The Balancing Act of Academics and Athletics
by Chelsea Hess-Moore
Kayla Mealy, Field Hockey
Bishop McDevitt High School to Alvernia University
When it comes to the stereotypical athlete, Kayla Mealy believes that many people have a misconception about the physical build of a successful athlete.
“A lot of people mistakenly assume that all athletes are football players with big muscles,” she says.
Mealy diminishes this notion. As a senior field-hockey player at Bishop McDevitt High School, she proves that, although she’s physically petite, she has the drive of a giant. Since the sixth grade, she’s played field hockey, and because of her love of pushing herself to be the best, she has earned the opportunity to play field hockey at the next level for a Division 3 college in the fall.
For Mealy, the determination to be the best that she can be on the field transfers to the classroom.
“A lot of athletes, myself included, take academics seriously,” says Mealy. “I don’t work hard in the classroom just to stay eligible for my sport. Being an athlete has actually pushed me to work harder in the classroom. My desire to compete carries over to the classroom, and I push myself to earn the highest grades I can.”
Aside from field hockey, Mealy also runs track at Bishop McDevitt. When it comes to academics, her goal of excelling in the classroom shows in her list of academic-driven clubs. She is a member of the National Honor Society, Math National Honor Society, peer counseling and the school’s Christian Service Club. She also volunteers her time with the youth track camp at Bishop McDevitt, and for the past two years, she has been a “buddy” at the Special Olympics.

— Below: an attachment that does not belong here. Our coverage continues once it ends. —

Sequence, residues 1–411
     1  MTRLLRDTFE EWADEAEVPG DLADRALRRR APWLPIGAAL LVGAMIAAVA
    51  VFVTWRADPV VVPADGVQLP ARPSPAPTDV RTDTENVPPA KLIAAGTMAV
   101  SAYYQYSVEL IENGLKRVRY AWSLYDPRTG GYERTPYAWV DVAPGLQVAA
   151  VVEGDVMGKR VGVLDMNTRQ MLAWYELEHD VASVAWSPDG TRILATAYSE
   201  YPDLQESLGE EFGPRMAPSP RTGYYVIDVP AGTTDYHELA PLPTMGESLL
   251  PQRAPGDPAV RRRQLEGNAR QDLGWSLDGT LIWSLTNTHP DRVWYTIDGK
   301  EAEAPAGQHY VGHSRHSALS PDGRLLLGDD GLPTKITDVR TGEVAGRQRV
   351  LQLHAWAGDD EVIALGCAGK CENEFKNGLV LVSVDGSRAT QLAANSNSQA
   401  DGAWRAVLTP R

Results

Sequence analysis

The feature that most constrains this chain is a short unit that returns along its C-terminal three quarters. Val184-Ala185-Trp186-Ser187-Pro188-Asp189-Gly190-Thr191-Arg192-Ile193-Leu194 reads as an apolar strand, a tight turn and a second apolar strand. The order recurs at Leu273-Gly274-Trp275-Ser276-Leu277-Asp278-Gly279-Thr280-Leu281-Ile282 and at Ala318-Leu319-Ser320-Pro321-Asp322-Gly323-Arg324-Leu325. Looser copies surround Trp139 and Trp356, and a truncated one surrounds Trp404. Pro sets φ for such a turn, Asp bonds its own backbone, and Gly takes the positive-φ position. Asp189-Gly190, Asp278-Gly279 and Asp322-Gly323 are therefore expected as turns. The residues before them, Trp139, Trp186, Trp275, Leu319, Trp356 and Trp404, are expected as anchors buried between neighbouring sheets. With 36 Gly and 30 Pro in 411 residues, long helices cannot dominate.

“Academics and athletics are equally important because both require self-discipline and time-management,” she says. “I found it necessary to utilize time in study hall and after school to complete homework. Unfortunately, this means there is less time for socialization, but it’s worth it to excel in both realms.”
Finding a college that fit her needs both academically and athletically was important. Her high-school head coach helped lead her in the direction of Alvernia University, where she will major in chemistry. She hopes to attend medical school afterward to study to be a pediatric surgeon or pediatric oncologist.
“My high-school coach recommended Alvernia because she thought it would be a good fit for me both athletically and academically,” explains Mealy. “I visited the campus last summer and had a chance to talk with the coach. She was very welcoming, and I could see myself playing for her. She saw that I was willing to work hard for her and offered me a spot on the team.”
Hard work carries through in many aspects of Mealy’s life, which she believes comes from her involvement in sports. She credits learning many good habits through sports that she applies to the classroom and real-life situations, including teamwork, self control and learning to accept criticism to make herself better and stronger. But the most valuable trait she takes from sports is her ability to be her biggest fan.
“Sports give me the chance to root for myself and push myself as hard as I can go,” says Mealy. “This creates self confidence, which helps me tackle challenging situations in life.”
This article appears in the May 2016 issue of Harrisburg Magazine